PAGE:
Music helps bridge cultural divide
December 18, 2012
HOHENFELS, Germany -- Like many Hohenfels community members, Dennis Bartow joined the Kontakt Club to make new friends and experience more of the German culture; he had no idea it would lead him to playing concerts with German and Czech Republic band members.
It all started over a beer.
Kontakt Club members enjoy a monthly "stammtisch," or regular dinner, at Joseph's Gasthaus in the town of Hohenfels. One night during the meeting, the Kolping Youth Brass Band Hohenfels (KYBBH) came in to play and Bartow recognized fellow Kontakt Club member Franz Rothbauer on the tuba.
"Music is in my heart," said Bartow. "When you hear it, you feel it, and the opportunity was there. So I asked Franz if they could use another trumpet player."
Bartow began playing the trumpet at age 9 and played consistently throughout junior high, high school and college. After college, he played intermittently for decades, but had barely touched the instrument in the past 10 years.
Bartow knew it would take some work if he was going to earn a spot in the band. He ordered the same trumpet he purchased 44 years ago and set about retraining himself.
"I started right at the beginning," he said. "I ordered some new books and literally started giving myself lessons."
Bartow practices at home up to an hour and a half each day in addition to the band's weekly practices, and apparently it's paying off. When he started with the band in August, he was playing second or third trumpet.
"Now, I'm playing first trumpet for most of the songs," he said.
Bartow performed his first concert with the band in November at the Hohenfels Volkstrauertag (National Day of Mourning). The band led a parade through town to the war memorial and back to the church, accompanied by city officials and the U.S. Army Garrison Hohenfels leadership.
"That was the first time I'd played marching in a really long time," he said. "And also the first time I'd played the German National Anthem."
Their next performance was a week later at the local high school. This time they were joined by a band out of Hohenfels' sister city, Strasice, in the Czech Republic.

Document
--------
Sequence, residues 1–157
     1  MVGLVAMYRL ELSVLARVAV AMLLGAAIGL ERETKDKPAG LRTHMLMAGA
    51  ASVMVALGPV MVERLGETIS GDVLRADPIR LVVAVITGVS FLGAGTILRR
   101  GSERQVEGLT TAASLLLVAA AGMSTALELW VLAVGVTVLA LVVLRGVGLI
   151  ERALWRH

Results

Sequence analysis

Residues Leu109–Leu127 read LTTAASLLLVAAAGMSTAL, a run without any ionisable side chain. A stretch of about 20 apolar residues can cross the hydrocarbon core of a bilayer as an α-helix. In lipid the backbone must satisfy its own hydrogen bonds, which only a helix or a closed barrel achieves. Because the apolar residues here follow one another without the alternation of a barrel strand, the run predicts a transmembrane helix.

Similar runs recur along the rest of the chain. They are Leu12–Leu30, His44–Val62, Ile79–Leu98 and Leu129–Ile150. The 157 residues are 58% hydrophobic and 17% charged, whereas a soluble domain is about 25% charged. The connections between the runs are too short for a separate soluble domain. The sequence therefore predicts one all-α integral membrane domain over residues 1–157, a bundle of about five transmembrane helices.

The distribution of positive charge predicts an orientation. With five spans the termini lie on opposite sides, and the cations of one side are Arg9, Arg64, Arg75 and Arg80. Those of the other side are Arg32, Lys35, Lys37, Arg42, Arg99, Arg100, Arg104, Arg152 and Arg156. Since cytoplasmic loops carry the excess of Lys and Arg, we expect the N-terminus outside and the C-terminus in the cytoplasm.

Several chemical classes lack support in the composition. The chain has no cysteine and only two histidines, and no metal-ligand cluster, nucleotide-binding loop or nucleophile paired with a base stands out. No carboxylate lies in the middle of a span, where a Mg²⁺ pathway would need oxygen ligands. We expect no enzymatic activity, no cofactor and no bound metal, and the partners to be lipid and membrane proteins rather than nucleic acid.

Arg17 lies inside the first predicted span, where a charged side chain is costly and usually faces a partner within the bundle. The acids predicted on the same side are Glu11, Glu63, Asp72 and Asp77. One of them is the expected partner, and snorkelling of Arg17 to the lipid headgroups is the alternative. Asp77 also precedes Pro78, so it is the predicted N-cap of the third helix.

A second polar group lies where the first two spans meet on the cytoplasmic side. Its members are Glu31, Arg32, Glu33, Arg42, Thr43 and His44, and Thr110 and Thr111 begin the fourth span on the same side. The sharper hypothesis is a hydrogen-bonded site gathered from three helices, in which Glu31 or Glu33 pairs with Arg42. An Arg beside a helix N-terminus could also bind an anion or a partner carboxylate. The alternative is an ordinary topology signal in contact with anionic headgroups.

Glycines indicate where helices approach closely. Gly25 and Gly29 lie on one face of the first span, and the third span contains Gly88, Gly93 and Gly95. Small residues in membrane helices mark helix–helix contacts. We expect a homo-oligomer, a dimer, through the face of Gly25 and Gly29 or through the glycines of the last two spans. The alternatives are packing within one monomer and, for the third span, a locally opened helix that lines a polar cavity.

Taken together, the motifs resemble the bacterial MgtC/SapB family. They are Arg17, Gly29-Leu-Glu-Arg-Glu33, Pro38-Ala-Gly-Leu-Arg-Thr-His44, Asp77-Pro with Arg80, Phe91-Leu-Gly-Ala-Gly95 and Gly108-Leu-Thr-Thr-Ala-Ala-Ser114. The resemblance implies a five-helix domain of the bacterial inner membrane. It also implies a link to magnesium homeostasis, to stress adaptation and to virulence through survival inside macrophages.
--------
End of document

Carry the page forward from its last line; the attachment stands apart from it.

"The connection is that Strasice also has a Czech Army base outside their town," said Bartow.
In December, the KYBBH returned the favor, traveling to Strasice to perform a concert there. Before the concert, band members were treated to a tour of the city's museum, located in former barracks of the Czech army.
As a retired lieutenant colonel with background in infantry, Special Forces and psychological operations, Bartow found the tour especially interesting.
"A large part of my military career was during the Cold War, so Czech was a 'target' country for me. It was really neat to have the opportunity to see this stuff live," he said.
The concert was a huge success with Strasice's Deputy Mayor Karel Snaiberk praising the KYBBH, and the audience giving a standing ovation.
Bartow said while applause is nice, the most rewarding part of his participation is the connection with his German counterparts.
"Basically, this old American comes in and says I want to play, and they could easily have said 'no, we don't want you," said Bartow, noting that approximately half of the band members are 21 years old or younger.
"But they literally welcomed me with open arms. I consider it a privilege to be with them."
Despite the considerable language barrier, Bartow said his bandmates are always accepting and inclusive with him, communicating with signs and smatterings of English.
"And I'm learning a few new German words," he laughed. "But really, just being there -- being with the German people in a German band -- it's really quite marvelous.
"They really have warm hearts towards us," Bartow said.